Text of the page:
The design of the Calibre de Cartier is geared toward men who care about beauty as much as mechanical movements. This collection, introduced in 2010, is the company's first watch developed specifically for the sport market. This is also the first Cartier timepiece equipped with an automatic movement manufactured entirely in Switzerland.
Case/Dial: 42mm Rose Gold, Silver
Movement: Calibre de Cartier, Self-winding
In 1943, Cartier introduced a round wristwatch that became a muse for the Pasha collection. This watch style is unique but still compliments the Cartier tradition. Four Arabic numerals and distinct sword-shaped hands give this watch a sophisticated and commanding feel. Its round, water-resistant case comes in steel or white gold, and the bracelet material is available in either metal or a leather textile.
Case/Dial: 42mm Steel, Silver
Movement: 8100, Self-winding
Functions: Display back, Screw-Down Crown, 48h power reserve
These watches, distinguished by their round case and angled curvature of the rim, are powerful and elegant. This is a diverse series, with refined features found within a sporty design. Styles are made for both men and women, and are available in steel, two-tone steel, or gold versions.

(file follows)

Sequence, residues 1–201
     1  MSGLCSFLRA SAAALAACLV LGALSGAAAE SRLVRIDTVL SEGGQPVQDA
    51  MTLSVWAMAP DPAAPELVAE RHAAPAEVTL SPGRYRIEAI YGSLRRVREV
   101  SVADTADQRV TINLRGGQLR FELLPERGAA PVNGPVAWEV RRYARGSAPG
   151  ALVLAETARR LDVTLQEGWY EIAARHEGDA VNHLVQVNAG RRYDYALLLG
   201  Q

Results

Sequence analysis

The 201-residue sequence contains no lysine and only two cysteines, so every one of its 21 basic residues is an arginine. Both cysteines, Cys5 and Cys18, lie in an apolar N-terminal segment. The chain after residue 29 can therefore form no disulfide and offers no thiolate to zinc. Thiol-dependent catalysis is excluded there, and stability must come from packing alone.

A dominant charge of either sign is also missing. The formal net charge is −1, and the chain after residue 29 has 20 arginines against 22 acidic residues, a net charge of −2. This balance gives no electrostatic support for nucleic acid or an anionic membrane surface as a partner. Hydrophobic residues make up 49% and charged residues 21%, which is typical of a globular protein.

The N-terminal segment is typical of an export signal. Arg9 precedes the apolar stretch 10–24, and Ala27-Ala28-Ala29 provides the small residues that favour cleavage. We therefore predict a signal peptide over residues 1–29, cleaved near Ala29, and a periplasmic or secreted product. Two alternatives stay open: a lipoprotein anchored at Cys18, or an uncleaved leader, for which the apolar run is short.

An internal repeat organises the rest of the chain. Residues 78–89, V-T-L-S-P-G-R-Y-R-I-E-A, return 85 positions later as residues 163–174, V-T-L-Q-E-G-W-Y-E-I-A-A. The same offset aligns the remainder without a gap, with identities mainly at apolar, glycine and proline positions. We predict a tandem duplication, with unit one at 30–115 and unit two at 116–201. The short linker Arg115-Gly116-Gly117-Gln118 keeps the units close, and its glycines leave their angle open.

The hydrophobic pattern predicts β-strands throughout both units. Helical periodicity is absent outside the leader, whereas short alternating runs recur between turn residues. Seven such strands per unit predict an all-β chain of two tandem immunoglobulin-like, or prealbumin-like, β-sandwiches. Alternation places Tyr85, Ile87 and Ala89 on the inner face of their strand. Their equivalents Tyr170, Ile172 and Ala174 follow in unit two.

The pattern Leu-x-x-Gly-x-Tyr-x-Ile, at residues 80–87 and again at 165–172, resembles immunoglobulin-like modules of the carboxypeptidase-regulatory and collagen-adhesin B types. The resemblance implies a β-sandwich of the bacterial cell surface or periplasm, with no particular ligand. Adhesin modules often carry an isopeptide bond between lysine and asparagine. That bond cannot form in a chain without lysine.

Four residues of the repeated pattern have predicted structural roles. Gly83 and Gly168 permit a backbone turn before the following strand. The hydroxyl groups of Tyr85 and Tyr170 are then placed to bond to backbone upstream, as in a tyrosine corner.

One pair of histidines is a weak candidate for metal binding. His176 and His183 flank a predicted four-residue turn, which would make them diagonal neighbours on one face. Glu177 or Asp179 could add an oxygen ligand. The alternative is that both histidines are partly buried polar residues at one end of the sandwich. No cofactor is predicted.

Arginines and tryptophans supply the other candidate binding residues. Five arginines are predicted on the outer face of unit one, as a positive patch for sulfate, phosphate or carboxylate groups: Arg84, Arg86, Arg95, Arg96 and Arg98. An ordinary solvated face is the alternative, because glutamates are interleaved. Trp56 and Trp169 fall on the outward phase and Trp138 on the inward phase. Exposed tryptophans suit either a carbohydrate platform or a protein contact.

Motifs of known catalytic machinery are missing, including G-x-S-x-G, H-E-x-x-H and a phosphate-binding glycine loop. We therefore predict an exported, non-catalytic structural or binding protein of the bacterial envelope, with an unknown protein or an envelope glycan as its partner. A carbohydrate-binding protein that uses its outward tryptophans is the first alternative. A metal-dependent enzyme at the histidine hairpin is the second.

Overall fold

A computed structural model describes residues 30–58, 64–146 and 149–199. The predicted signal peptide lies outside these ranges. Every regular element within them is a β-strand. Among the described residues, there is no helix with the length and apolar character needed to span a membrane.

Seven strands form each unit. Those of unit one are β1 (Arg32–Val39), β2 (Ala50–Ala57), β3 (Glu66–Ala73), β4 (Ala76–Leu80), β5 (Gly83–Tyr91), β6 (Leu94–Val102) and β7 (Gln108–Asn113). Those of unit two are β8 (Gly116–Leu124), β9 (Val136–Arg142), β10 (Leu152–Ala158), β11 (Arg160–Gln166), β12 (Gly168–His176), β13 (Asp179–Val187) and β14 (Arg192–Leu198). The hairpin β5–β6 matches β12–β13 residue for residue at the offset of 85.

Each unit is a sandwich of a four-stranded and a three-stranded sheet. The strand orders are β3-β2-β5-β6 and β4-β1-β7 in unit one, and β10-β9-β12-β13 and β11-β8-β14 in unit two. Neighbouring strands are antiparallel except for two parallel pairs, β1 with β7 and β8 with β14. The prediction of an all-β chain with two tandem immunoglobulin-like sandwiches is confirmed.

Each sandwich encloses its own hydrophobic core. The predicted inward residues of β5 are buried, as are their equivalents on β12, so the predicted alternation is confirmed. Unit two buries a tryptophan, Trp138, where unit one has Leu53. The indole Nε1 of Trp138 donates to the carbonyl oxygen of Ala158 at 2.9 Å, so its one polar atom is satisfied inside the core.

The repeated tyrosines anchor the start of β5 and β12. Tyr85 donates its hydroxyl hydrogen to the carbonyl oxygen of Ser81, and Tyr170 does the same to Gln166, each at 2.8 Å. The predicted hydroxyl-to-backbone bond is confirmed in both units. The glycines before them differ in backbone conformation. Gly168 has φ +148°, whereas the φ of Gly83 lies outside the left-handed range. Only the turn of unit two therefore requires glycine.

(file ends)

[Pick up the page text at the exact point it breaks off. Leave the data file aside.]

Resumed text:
Case/Dial: 38mm Steel, Black
Movement: 8100, Self-winding
Functions: Luminous hands, Luminous indices
The Santos de Cartier, developed in 1904, is modest yet elegant, and is known as the first practical wristwatch. Designed for the Brazilian aviator Alberto Santos Dumont, this watch could uniquely tell time while flying. This watch features rounded dial angles and a smooth curve with exposed screws. The case comes in many different materials, with a pink gold option.
Case/Dial: 39.8mm Rose gold, White
Movement: Cartier, Self-winding
Strap: Rose gold
A strong yet stylish watch, the tank line debuted in 1917. This watch, inspired by the tanks used during the war, has lines and proportions that are both square and rectangle. Its defining features include a bold Roman numeral dial with sword-shaped steel hands. The Tank, one of the most highly coveted watches of all time, has graced the wrists of countless style icons.